Reading time ( words)
Celestica Inc., a leader in design, manufacturing, and supply chain solutions for the world’s most innovative companies, announced its AbelConn Electronics facility in Maple Grove, MN, has earned ISO 13485:2016 certification for medical device production. The certification expands Celestica’s global expertise in design and manufacturing to drive market-leading quality and regulatory compliance for our global healthcare customers.
“Earning ISO 13485 certification enables us to provide healthcare customers, especially in the United States and throughout North America, with quick-turn manufacturing and delivery capabilities, improving their resilience to supply chain disruptions with an in-region solution,” said Kevin Walsh, Vice President, Celestica HealthTech. “The AbelConn team has extensive experience in serving highly regulated industries like defense and aerospace, and they bring that same level of rigor and quality control practices to support our HealthTech customers.”
The Maple Grove facility is the newest addition to Celestica’s global HealthTech network of ISO 13485-certified facilities for medical device production around the world.
Marc Carter, Independent Contributor
Knowledge transfer, especially from the “graying-out” experienced technical workers in our industry, is a complex, difficult family of problems. It differs wildly between companies, and even within divisions of the same company. One of the biggest barriers is the full manufacturing schedules in North American electronics companies that don’t leave any slack time—and the 40-hour work week is a complete fantasy for many.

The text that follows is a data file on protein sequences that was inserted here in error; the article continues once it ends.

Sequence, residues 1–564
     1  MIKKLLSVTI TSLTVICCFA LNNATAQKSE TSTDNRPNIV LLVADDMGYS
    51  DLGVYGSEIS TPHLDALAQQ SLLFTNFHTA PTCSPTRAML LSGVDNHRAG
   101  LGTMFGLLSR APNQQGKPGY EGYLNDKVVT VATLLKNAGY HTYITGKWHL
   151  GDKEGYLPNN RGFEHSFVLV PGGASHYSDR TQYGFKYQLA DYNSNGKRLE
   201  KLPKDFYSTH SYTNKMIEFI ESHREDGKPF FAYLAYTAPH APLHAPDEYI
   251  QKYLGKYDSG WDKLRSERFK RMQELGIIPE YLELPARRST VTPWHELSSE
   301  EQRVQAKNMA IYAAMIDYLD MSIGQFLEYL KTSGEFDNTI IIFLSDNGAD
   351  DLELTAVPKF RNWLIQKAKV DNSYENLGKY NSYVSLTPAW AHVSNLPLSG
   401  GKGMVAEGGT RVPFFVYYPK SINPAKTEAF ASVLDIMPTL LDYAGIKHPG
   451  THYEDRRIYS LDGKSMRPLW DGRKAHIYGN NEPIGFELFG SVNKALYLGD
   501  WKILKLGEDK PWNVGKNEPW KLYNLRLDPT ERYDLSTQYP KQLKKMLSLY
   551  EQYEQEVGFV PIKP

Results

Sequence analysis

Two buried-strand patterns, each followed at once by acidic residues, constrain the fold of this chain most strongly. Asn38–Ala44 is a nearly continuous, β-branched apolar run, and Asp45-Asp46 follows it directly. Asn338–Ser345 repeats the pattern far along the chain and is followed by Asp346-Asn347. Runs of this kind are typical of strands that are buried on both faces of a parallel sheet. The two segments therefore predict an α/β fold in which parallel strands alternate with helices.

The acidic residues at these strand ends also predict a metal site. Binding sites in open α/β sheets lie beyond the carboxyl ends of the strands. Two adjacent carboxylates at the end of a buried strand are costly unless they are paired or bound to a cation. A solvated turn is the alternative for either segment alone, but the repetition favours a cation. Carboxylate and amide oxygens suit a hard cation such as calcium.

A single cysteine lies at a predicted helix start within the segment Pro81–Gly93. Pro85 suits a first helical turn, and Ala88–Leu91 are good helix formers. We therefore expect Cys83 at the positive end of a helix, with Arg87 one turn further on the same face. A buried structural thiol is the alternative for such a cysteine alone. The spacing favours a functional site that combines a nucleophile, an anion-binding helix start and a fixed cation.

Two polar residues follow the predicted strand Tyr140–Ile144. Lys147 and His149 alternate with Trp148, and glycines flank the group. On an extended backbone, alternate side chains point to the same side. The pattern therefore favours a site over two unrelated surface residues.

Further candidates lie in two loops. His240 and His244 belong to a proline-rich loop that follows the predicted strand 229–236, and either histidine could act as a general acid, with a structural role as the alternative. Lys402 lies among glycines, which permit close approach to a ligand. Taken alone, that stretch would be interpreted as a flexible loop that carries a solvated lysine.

Jennifer Davis, Arch Systems
Buy new or make do? It’s an age-old debate for manufacturers who are trying to decide how best to manage machine assets inside their manufacturing facilities. New machines are expensive, but so is operating existing machines at a comparative deficit.
Duane Benson, Screaming Circuits
It’s easy to frame all our supply chain woes around the COVID-19 pandemic. However, at Screaming Circuits, we started receiving dire warnings about component shortages in early 2018. At that time, we were told that the supply upheaval could last years and that we should expect it to get much worse before it got better. Now, four years later, I would say those warnings nailed it.